The UK has faced the problem for years, and has established Pool Re to cover at least the economic consequences of terrorist acts. Pool Re CEO George Atkins explained that it’s a “private mutual reinsurer, set up in 1993.” It covers only damages to commercial property, and is funded by contributions as a percentage of premium from insurers based both in the UK, or who do business there. Although it’s voluntary, once an insurer signs up for it, all of its commercial property polices are covered. This prevents Pool Re from taking on only the highest level risks. So far claims payments have been made from accumulated premiums and the funds earned from investing them, but, if necessary, Pool Re is fully backed by the Treasury Department, i.e. the British government.
When it comes to emerging risks, Dr. Annabelle Hett, Swiss Re’s head of Emerging Risk Management, stressed that the failure to heed “early warning signs,” or to dismiss them, is almost always a mistake. For instance, she noted that the dangers of asbestos were known as early as 1906, when some 50 French workers who had handled it extensively, all died within a short period of time.
The insurance community faces a conundrum, however, when it comes to emerging risks. A failure to exclude them means that they are de facto included in policy coverage, but excluding them “raises a red flag,” said Hett. “The goal should be to minimize surprises,” Hett concluded. “By protecting our clients’ balance sheet, we protect our clients.”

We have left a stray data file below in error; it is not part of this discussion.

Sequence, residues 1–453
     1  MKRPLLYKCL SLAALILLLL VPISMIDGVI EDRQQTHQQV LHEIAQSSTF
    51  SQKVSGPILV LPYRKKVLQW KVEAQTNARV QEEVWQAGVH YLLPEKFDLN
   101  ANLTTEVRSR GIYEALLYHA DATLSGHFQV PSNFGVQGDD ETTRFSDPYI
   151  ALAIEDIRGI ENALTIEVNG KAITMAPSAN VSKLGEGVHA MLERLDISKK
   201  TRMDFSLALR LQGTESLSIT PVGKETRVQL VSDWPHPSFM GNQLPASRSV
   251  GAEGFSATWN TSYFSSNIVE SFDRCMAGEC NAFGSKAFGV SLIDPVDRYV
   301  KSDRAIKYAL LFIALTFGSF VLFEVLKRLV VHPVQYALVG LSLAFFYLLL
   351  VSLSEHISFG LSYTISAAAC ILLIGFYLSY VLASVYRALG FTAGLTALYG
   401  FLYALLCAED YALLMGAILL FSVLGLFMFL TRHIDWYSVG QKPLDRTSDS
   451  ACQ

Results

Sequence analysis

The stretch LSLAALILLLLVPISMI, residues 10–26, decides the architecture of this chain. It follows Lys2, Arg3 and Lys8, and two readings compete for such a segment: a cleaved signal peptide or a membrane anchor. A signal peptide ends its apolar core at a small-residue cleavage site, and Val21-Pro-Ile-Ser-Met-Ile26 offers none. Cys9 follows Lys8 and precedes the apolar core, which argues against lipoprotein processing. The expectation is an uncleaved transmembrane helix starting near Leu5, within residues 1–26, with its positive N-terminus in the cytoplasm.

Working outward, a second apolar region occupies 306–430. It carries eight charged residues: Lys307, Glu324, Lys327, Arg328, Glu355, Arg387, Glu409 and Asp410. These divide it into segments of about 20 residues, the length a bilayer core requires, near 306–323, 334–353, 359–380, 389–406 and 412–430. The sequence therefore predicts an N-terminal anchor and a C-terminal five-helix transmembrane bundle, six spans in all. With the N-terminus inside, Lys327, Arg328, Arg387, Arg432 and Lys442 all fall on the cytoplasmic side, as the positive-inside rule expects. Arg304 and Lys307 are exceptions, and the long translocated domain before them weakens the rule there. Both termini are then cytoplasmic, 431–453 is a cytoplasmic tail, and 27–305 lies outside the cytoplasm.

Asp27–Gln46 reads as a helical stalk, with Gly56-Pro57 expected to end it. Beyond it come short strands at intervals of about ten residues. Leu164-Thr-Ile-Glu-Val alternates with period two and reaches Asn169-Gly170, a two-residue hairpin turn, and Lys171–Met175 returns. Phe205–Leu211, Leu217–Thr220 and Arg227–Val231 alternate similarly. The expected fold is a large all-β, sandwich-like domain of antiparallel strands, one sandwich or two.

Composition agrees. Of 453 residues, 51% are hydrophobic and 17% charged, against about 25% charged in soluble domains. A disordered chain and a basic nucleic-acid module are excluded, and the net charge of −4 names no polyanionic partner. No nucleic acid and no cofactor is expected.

The final plenary session at the Forum featured a free for all between brokers — Willis and Aon — and carriers — AXA, XL, Swiss Re and Markel — moderated by Herbert Fromme, editor of the Financial Times Deutschland.
The topics ranged from why London’s insurers seem to be neglecting Europe (it’s a mature market and better growth opportunities are to be found elsewhere) to how brokers should be compensated. Sarah Turvill, the chairman of Willis International, indicated that “insurers seem to be willing to pay more money for enhanced services.” The clients, who ultimately pay, are apparently also interested in obtaining better services. She advocates a 2.5 percent surcharge, which met with decidedly mixed reactions.
“Rates should be based on value and services,” said XL Insurance CEO Clive Tobin. Essentially higher payments are only justified if the broker has done something to “add value” to the policy, he noted.
Swiss Re’s Head of Corporate Clients Nick Beck said that while “in general companies are against undifferentiated commissions, it’s different when a price is established based on the value of the services provided.”
At this point Fromme observed that a business model based on services might no longer be an ideal one, if you couldn’t establish what those services were and how much they might be worth. The brokers generally defended their business models, but admitted that they would need to adapt them.
Although no overall agreement was reached, it became apparent that negotiations between clients, insurers and brokers are going to become more frequent, and more transparent. Payments — by commissions or otherwise — are going to have to be explained and agreed to. Two years from now, when the next FERMA Forum is scheduled in Prague, the debate will probably still be going on, but by then things might be a little clearer.